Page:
January 2015 will see the start of McMaster’s first digital humanities course for undergraduate students.
As the Sherman Centre postdoctoral fellow, my job was to figure out a course theme that would draw students from a range of humanities disciplines. I also wanted to find a focus that would involve multiple people from McMaster, and thus be more sustainable and networked, and less of an isolated event. I want our students to come out of the course with ideas that they can keep building on, and that will connect them with the people and resources that are right here, at McMaster.
The course will focus on World War One, and will highlight holdings in McMaster’s William Ready Division of Archives and Research Collections and the Lloyd Reeds Map Collection. It will also feature materials provided by the Guelph Civic Museum, and we are very grateful for their willingness to participate. The course will be team-taught, drawing on the expertise of instructors with a range of backgrounds (including English, Geography, & Library Science).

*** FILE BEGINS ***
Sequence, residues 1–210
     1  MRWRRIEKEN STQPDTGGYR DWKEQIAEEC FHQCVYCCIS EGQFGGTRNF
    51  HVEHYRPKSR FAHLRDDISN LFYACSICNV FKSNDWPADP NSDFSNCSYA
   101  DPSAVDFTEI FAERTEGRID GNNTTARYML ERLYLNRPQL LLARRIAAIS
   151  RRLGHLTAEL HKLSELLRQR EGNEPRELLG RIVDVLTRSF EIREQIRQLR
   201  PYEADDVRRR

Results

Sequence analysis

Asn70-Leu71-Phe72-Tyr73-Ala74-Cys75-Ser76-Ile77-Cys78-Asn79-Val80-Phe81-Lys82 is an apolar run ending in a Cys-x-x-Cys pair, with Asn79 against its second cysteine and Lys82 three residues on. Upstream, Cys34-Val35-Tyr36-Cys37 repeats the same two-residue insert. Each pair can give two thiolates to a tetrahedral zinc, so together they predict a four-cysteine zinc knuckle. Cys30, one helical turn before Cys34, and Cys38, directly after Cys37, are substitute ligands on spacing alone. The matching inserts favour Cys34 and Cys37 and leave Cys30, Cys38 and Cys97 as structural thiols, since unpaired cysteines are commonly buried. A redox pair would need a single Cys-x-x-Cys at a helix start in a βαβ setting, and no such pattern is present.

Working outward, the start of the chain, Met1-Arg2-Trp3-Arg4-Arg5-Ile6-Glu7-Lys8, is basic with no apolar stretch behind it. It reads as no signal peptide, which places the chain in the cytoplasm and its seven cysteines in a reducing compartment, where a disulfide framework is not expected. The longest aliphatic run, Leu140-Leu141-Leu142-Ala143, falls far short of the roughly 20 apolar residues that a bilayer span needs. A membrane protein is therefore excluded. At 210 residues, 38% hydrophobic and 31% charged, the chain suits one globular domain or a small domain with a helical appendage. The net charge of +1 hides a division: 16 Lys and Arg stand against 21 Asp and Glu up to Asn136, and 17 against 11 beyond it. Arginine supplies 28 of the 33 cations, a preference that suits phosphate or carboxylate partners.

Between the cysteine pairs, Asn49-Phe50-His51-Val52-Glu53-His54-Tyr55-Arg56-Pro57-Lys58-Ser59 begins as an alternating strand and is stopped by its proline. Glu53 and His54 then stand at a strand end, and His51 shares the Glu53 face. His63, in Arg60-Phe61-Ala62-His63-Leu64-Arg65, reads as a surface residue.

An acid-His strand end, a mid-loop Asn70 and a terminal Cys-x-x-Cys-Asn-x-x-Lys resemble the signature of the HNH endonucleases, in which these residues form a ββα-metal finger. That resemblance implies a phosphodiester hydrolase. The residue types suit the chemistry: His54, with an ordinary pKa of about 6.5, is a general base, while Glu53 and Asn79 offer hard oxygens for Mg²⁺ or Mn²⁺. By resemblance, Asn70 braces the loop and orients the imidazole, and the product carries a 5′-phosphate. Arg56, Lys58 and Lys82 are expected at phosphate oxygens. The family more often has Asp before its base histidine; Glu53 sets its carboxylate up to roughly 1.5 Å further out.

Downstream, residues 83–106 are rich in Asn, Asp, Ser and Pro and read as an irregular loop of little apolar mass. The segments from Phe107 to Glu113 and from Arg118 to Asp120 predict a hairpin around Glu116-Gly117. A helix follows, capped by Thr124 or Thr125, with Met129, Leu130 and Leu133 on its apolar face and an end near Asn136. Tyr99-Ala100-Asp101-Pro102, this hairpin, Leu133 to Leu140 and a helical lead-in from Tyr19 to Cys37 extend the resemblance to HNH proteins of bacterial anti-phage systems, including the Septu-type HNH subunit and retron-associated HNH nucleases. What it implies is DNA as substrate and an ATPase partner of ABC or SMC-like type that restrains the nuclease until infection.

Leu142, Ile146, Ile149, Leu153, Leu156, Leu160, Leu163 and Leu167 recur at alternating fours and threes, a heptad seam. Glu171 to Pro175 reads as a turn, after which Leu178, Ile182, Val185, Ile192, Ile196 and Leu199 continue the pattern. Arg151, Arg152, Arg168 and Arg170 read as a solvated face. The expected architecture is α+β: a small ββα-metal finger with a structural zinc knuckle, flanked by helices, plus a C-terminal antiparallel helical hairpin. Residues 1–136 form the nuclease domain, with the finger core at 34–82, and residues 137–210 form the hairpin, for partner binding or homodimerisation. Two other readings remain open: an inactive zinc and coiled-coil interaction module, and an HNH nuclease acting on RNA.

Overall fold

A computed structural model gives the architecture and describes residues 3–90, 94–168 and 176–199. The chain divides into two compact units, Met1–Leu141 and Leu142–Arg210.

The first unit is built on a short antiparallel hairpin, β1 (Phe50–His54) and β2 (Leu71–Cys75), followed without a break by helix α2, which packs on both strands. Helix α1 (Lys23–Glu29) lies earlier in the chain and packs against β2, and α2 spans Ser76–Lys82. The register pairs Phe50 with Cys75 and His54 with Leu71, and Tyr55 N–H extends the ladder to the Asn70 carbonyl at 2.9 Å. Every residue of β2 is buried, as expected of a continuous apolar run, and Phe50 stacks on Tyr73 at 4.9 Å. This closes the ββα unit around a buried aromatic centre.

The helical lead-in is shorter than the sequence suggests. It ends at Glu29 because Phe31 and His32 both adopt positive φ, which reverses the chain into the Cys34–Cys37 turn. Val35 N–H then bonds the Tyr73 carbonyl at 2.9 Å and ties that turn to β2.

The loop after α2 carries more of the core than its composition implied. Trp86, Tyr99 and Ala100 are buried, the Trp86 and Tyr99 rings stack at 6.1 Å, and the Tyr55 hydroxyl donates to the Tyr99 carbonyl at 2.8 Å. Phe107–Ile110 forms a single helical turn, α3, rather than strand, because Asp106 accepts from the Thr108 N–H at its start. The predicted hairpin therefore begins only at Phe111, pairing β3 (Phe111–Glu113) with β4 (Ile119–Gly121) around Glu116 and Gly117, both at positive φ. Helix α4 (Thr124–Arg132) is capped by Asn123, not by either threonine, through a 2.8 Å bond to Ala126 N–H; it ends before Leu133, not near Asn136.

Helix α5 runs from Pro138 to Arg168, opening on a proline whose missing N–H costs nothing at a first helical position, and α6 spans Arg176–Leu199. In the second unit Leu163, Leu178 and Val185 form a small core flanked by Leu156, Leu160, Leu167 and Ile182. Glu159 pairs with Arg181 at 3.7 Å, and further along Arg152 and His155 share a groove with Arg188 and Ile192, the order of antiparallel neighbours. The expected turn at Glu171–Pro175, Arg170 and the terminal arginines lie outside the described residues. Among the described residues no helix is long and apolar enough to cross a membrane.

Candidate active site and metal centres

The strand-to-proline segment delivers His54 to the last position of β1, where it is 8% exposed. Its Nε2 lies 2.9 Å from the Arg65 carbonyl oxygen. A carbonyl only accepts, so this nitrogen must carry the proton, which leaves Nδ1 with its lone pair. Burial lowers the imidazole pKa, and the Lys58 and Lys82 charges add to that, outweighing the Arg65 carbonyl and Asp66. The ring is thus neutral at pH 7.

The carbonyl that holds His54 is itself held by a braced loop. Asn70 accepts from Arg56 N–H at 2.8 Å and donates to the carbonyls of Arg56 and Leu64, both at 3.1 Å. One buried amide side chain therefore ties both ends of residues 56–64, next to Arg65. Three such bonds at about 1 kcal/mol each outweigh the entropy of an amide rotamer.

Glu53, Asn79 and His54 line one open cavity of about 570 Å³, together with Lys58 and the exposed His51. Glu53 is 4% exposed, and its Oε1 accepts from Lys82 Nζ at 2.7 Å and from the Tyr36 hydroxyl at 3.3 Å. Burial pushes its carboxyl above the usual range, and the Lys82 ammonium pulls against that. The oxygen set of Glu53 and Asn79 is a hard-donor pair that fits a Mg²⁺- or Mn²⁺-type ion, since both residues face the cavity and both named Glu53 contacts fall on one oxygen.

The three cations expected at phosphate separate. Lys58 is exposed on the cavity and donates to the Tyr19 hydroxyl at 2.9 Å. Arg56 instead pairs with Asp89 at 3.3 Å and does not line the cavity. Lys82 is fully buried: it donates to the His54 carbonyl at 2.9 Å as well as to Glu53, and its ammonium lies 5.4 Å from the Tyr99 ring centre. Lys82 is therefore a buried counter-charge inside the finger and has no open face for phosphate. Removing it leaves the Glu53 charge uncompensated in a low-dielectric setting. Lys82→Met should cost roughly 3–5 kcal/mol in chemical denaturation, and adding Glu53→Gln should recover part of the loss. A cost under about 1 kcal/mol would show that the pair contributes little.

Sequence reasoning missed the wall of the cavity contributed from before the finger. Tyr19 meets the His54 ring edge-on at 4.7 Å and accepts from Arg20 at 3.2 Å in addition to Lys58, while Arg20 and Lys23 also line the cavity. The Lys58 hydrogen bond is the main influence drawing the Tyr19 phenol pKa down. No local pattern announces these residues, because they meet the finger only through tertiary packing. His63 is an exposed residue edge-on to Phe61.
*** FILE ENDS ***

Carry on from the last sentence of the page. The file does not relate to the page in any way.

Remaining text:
I’m very excited about the planning and brainstorming that we’ve done so far, and are continuing to do.
More info will be forthcoming, but the official course description is:
HUMAN 2DH3: This course will introduce students to digital humanities research methods and tools. Students will learn about three primary impulses that drive digital scholarship: analysis, preservation, and resource creation. Over the course of the semester, students will work with existing digital resources (i.e. online archives and databases), learning to use and assess them effectively. They will also digitize material to create new digital resources while learning about issues related to copyright, intellectual property, and accessibility.